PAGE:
Why You Should Focus on Fiber

What is Dietary Fiber?

Fiber, or dietary fiber, is a carbohydrate that comes from plants. It falls under the category of carbohydrates but is different from most carbs because it can’t be broken down to sugar (glucose) like the others.

There are 2 types:

Soluble fiber is able to be dissolved in water. It becomes a gel as it absorbs water. This is the type of fiber that slows digestion to keep us fuller for longer.

Find it in beans, avocados, chia seeds and most vegetables.

Insoluble fiber cannot be dissolved in water. That means it goes into our digestive system and comes out mostly unaltered. This type of fiber is described as a ‘bulking agent’ since it adds volume to out stool and keeps us regular – it prevents constipation and promotes regularity.

Find it in whole grains, beans, corn, cabbage, and many other vegetables.

That’s right…most vegetables have a combination of both types of fiber, so it is pretty easy to get plenty of both!

Why do we need fiber?

Here are a few reasons to focus on fiber:

Our bodies can’t make fiber so we need to make sure we consume it in our diets to help out our digestive system.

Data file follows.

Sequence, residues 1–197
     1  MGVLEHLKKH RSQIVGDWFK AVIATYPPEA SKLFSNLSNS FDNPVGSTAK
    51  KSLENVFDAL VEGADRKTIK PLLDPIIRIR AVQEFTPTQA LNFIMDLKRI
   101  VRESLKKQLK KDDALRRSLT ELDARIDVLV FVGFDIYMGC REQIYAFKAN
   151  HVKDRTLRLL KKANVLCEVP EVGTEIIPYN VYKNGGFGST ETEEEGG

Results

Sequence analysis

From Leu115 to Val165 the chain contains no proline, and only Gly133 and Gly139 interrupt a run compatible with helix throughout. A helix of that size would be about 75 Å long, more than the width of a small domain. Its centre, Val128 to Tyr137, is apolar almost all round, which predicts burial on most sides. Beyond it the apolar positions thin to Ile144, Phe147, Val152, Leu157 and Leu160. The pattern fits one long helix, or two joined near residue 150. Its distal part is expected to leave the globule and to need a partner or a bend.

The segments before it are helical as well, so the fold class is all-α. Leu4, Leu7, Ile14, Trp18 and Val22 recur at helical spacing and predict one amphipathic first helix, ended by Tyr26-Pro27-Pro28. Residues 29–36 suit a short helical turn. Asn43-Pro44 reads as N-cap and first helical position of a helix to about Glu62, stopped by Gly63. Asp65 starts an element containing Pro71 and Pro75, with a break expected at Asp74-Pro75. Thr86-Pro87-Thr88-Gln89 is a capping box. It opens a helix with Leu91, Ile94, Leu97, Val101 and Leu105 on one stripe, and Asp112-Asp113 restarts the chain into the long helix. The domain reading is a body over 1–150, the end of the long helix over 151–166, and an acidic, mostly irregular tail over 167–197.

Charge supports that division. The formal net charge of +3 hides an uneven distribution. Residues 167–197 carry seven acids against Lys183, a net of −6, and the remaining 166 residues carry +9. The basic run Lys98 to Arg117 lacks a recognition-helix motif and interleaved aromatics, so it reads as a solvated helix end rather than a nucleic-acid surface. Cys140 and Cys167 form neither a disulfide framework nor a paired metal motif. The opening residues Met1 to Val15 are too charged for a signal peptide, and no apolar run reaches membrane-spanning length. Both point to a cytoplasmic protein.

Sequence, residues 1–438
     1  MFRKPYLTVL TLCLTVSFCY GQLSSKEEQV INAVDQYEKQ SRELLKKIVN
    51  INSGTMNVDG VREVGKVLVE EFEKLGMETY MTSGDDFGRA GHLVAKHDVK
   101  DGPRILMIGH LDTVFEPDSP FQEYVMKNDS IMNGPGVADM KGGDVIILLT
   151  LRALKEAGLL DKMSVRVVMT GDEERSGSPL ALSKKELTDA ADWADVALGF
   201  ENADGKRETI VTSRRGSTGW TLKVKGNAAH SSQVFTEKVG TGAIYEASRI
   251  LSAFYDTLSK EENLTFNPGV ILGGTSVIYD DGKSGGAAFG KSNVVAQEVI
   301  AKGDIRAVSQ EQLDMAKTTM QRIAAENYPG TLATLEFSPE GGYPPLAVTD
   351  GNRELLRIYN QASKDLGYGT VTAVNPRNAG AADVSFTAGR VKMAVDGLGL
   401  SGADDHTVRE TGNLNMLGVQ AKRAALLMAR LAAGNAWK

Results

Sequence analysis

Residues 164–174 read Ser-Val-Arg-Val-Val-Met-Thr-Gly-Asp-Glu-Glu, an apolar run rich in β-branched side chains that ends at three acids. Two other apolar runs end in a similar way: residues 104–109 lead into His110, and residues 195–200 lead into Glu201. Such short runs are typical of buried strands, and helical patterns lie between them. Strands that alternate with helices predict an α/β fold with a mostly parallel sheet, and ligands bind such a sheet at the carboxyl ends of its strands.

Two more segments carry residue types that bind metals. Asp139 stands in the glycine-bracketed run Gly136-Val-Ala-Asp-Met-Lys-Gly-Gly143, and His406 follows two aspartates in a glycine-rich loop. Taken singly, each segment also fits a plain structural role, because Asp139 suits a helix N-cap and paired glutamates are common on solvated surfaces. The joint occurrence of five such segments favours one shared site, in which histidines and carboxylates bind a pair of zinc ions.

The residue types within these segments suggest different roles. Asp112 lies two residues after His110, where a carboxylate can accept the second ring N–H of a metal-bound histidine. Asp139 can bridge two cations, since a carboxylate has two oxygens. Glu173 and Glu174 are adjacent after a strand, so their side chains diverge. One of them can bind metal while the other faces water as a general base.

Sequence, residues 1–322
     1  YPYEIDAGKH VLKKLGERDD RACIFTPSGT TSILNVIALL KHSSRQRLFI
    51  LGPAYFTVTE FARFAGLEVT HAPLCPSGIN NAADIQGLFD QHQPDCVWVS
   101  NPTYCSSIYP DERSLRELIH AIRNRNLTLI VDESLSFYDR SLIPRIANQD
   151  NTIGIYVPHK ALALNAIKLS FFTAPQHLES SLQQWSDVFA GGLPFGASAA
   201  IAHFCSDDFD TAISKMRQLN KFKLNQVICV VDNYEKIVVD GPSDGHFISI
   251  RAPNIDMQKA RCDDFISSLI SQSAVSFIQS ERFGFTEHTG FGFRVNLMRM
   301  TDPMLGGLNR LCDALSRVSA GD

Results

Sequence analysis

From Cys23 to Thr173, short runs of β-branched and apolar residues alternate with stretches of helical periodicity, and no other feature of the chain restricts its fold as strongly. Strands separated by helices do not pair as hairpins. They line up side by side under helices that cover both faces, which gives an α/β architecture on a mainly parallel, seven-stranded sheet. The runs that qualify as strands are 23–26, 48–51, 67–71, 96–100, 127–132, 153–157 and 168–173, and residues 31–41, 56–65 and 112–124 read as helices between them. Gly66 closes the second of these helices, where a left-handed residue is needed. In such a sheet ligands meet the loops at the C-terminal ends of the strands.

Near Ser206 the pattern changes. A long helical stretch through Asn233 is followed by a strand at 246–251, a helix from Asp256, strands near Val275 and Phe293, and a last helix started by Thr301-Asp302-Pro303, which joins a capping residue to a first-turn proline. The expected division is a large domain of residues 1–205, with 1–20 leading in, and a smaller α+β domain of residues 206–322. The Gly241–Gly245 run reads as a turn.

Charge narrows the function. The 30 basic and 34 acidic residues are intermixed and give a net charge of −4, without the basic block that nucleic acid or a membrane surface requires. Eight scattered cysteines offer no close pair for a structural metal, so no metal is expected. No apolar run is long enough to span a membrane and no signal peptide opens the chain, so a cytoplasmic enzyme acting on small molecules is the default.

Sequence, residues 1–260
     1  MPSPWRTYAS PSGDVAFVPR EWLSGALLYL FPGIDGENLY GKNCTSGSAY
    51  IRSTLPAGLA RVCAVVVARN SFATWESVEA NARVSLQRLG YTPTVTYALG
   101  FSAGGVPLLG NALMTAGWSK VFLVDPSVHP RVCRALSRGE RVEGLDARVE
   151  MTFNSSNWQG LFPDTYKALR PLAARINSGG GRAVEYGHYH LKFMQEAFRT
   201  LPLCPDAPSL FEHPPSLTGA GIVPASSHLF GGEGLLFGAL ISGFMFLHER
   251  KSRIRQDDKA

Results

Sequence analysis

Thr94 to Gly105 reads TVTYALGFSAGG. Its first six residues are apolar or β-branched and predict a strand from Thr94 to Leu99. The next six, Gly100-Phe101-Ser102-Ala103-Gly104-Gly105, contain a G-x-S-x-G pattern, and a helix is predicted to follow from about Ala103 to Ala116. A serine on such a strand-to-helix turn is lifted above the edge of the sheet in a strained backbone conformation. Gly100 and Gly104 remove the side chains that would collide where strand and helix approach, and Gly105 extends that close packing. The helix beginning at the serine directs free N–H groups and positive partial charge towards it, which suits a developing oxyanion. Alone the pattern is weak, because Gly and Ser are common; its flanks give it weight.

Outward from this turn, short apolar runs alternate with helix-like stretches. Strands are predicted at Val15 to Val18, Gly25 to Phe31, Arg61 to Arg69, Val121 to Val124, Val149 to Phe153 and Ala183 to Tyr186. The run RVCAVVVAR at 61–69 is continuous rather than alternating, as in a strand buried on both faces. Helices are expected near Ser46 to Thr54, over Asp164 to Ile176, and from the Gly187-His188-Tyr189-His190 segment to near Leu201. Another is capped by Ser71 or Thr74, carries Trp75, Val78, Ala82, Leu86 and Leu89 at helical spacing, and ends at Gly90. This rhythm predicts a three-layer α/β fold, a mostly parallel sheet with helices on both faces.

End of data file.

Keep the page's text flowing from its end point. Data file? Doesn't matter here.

Fiber helps promote stable blood sugars. They’re healthy carbs that prevent large spikes and valleys in our glucose control.

Fiber has been linked to decreasing the chance of developing cancer and increasing life spans. Fiber’s “scrubby” nature helps eliminate bacteria within the intestines – which can help prevent colon cancer. Overall, keeping your digestive system healthy has been shown to have amazing health benefits on the rest of our body.

Regular fiber intake has a significant impact on weight loss and weight maintenance. It adds to the feeling of satiety and fullness which, in turn, can queue us to avoid that second helping of dinner.

How much fiber do we need?

Chances are that you aren’t getting enough fiber in your day.

The 2020-2025 Dietary Guidelines for Americans states 90% of women and 97% of men are not meeting their recommended fiber intakes.

  • Adult women: 22-28g/day
  • Adult men: 28-34g/day

Best way to try to hit this goal? Choose whole grains, have fruits or vegetables at every meal, and choose produce for afternoon snacks.

In Good Health,

Lindsey Hudsmith, RDN 

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